It’s been eight years since the UCLA men’s volleyball team has won at BYU.
“It’s the hardest place to play in the country,” said senior middle blocker Mitch Stahl. “It’s the altitude, they have 5,000 fans and they’ve got three of the best pin hitters in the country. It’s crazy.”
The No. 2 Bruins (9-1, 6-0 Mountain Pacific Sports Federation) will have another shot at ending their drought in Provo, Utah, this weekend, taking on the No. 4 Cougars (7-2, 2-1) in a pair of back-to-back matches.
“You have to adapt as fast as you can, and learn as fast as you can,” said coach John Speraw. “There’s always a lot of tactical changes, so the more adaptable team usually wins that second match.”
UCLA dropped both games at BYU in 2015 and couldn’t produce a win last season either, despite having a home-court advantage.
Stahl said it is tough to accurately simulate the attack of the Cougars, who can reach over 12 feet, as they boast three of the nation’s best pin hitters in Jake Langlois, Ben Patch and Brenden Sander.
“It’s nearly impossible to do,” Stahl said. “We don’t have a pin hitter who’s just going over people. We just have to watch some film and remember what they did last time. … That’s the only way you can simulate it. You can’t really do it in practice.”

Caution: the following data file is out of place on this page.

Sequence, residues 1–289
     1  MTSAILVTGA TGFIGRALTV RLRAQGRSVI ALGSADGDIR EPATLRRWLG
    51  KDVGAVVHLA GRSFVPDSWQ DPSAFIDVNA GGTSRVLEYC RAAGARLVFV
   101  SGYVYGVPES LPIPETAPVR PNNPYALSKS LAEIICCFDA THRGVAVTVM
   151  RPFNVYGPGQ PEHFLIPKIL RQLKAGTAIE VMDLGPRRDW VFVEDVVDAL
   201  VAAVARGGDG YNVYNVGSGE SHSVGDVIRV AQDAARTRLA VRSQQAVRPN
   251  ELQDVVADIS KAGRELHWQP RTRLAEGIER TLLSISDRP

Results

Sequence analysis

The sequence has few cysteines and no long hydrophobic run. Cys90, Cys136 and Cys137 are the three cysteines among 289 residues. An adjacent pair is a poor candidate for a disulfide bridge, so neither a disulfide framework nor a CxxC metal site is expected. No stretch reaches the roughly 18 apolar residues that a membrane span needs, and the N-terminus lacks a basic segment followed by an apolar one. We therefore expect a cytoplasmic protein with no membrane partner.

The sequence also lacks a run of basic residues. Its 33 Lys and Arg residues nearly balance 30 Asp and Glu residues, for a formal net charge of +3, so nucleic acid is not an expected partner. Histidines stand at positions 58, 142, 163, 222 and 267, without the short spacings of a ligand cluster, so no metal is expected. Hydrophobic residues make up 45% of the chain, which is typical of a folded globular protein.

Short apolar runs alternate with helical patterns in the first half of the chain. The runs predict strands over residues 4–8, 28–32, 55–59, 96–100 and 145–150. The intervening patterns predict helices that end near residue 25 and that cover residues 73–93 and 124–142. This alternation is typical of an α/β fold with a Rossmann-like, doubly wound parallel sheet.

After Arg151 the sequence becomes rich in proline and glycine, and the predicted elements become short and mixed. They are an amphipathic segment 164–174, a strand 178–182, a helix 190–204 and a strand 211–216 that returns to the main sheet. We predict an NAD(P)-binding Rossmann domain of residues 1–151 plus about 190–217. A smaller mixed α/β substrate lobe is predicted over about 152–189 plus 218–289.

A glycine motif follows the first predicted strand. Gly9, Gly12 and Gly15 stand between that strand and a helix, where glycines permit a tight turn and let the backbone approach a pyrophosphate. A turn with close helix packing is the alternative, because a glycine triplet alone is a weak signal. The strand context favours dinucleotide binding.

Speraw noted that BYU’s physicality presents a challenge for his players, who comparatively aren’t as big in size.
“I think we’re a high-IQ, high-speed team and I think we pass the ball well, but we’re not the most physical in every position,” Speraw said. “So we’re going to have to be good at what we do, really good at what we do, in order to beat a team like that.”
Serving has been an asset for the Bruins this season, but they could find it harder to capitalize on, due to the elevation in Provo.
“It’s a great volleyball atmosphere, you don’t get that anywhere else except for Hawaii,” said senior libero Jackson Bantle. “There’s of course the altitude, and as we are a serving team, that’s going to be really tough. … You just have to be that much more focused and that much more precise.”
Speraw said that playing in environments like the Smith Fieldhouse isn’t that common in the sport of volleyball, at least domestically.
“So when you have an opportunity to do that, you have to love it,” Speraw said. “You have to love being the underdog and being in an environment where everyone’s against you. So, I’m looking forward to it, and I think if we all take that attitude, it’ll be a lot of fun.”